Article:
I will be the first to admit that I was completely wrong about the size of Sri Lanka . I was worried that we would get bored in 10 days and would run out of things to do. I have never been so wrong about a place. In our 10 days in Sri Lanka we barely scratched the surface. We spent the time exploring the south of the island and even that was rushed. But with so much to see we wanted to make the most of it. We found the best transport was the local transport. So this his how our journey began.
We arrived in Colombo fresh and eager ready to get the train the following day to Kandy. We were prepared. We went to the train station the day before to book our ticket. Turned out we weren’t so prepared after all. They were already sold out. Kicking ourselves and getting a little wound up about it, we created a plan b. We would get the bus.
Taking the bus
The bus stations are rather large and disorganised. If you ask around someone will point you in the right direction. We asked about a taxi to kandy. They wanted 8,000 Rupees. The bus was just 180 rupees each. We found one of the buses and were quickly ushered one. It felt strange not paying until later in the journey. The bus was the local bus. Leaving no storage for baggage apart from a small crate area at the front of the bus next to the driver. We were lucky enough to find a seat. The bus journey was 4 hours. They don’t close the bus door and people jump on and off everywhere. If you don’t get a seat you will get crammed in – as there is no such thing as a full bus in Sri Lanka. Every now and then people jump on weaving through and over people selling food. The bus wasn’t too bad. I must admit I did always take travel sickness tablets due to the jolts and constant starting and stopping.
Note that the busses do not completely stop when they reach a bus stop. Be sure to know where you are getting off. We use google maps just to get a location and scence of distance. When you get close to the stop be near the door ready to leave. The busses normally run every 20 minutes. If one is busy and your on a long journey it’s sometimes worth waiting for the next one.
When we left Kandy we caught the train. We were heading to Ella and everyone talks about how it is one of the most scenic train journeys in the world. We went straight to the train station when we arrive to book our ticket. This time the trains were on strike so no bookings were available. Instead we were told to arrive early in the morning to get our ticket. The train journey is 7-8 hours. When reserving tickets you can book your ticket class. Class 1,2 or 3. Alternatively you can go into the economy carriage where you don’t book, but it will never sell out. It’s a cram them in situation. Class 1 is air conditioned, class 2 has fans and class 3 has opening windows. When we arrived there was a line already. We arrived 2 hours before the train was due to leave. We barely made it on and were left standing at the open door the whole journey. I guess it depends where you get on the train as to if you can get a seat. I would defiantly recommend booking as far in advance as possible. The trains are also cheap. Our ticket to Ella was 200 rupees each.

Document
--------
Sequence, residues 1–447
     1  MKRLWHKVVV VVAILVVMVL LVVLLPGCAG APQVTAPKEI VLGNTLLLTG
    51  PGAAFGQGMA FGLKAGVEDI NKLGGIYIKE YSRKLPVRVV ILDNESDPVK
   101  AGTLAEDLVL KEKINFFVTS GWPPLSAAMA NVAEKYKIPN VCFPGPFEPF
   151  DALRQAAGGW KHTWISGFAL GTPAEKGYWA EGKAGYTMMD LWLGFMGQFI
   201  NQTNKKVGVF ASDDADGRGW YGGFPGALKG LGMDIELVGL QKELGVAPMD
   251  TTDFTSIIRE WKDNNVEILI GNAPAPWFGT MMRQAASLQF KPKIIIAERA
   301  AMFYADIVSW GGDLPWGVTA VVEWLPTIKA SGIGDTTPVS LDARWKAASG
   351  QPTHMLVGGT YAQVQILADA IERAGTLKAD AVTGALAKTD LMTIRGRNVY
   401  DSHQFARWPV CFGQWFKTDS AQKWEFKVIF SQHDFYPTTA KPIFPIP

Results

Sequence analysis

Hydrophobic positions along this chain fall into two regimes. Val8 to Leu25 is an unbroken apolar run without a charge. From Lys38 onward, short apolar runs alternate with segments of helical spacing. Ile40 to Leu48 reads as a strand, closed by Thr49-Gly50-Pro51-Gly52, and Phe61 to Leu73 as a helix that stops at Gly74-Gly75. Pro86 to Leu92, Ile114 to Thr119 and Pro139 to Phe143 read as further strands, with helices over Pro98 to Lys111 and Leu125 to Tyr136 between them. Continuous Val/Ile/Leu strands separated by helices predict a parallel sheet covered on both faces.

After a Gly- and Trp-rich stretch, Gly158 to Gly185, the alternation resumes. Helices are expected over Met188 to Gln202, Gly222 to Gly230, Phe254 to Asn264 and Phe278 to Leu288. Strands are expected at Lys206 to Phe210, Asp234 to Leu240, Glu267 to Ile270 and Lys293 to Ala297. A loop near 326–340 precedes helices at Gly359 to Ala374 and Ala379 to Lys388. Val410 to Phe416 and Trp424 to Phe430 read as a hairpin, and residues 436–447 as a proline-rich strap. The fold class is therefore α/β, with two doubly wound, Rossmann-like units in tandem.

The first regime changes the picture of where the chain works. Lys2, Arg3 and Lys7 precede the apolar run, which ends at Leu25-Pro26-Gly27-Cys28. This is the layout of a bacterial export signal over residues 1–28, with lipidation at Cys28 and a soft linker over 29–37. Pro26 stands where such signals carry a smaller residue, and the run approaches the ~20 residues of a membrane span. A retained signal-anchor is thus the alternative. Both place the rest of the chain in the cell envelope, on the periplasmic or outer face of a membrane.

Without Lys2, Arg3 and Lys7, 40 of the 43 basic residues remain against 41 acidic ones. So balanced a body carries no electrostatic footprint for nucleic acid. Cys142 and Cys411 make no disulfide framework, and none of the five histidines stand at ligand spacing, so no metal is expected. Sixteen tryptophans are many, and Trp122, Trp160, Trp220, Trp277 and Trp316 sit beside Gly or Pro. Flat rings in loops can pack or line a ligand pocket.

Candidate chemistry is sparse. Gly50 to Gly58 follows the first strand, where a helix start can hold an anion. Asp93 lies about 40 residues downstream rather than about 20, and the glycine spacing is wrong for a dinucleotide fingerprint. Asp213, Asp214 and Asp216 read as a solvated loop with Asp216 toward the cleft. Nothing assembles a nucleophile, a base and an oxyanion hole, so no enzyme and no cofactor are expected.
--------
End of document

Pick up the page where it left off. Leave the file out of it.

Tuk Tuk’s are a great way to get around the town or even hire for a day tour. As always do some negotiating. When ever we arrive in a new place we always ask a few different tuk tuk drivers how much it is to a certain destination. You tend to get a good idea as to what a fair price is. Make sure you always agree on a price prior to entering. If not you can be left with a nasty surprise at the end. One example to show how much some will try to rip you off is this. We arrive in Colombocentre after an hours bus from the airport. Our hotel was only 800 meters away so we were walking it any way. A tuk tuk stopped and asked where we were going so just being curious we told him and asked for a price. He said 500 rupees. We knew this was too much based on our other experiences in Asia. When we arrived at the hotel we asked how much a tuk tuk to the bus station was. They said 80-100 rupees. That just goes to show how easily you can get ripped off.
Taxis are much like tuk tuks. But the story you will hear as your waiting at a bus station is always the same. People will come to you and ask where you are heading. Then as a massive coincidence either they are heading there or a family member is. They offer you a ‘special’ price to go with them. As always they make it sound grand. That you wont have to wait, the journey is even quicker than the bus. But just remember these are not coincidences. The bus is going to cost you a small faction of the cost of a taxi, stick your ground!
As a quick sum up public transport in Sri Lanka is rather easy. Just have a plan in mind of where you are going and be aware of your time frame. Bare in mind most things in Sri Lanka don’t run on time. So always allow extra time for that. It may seem a small place but it takes a while to get around.
At the time of travel 100 rupees was US $0.62
Here are my journey times and distamnces on local transport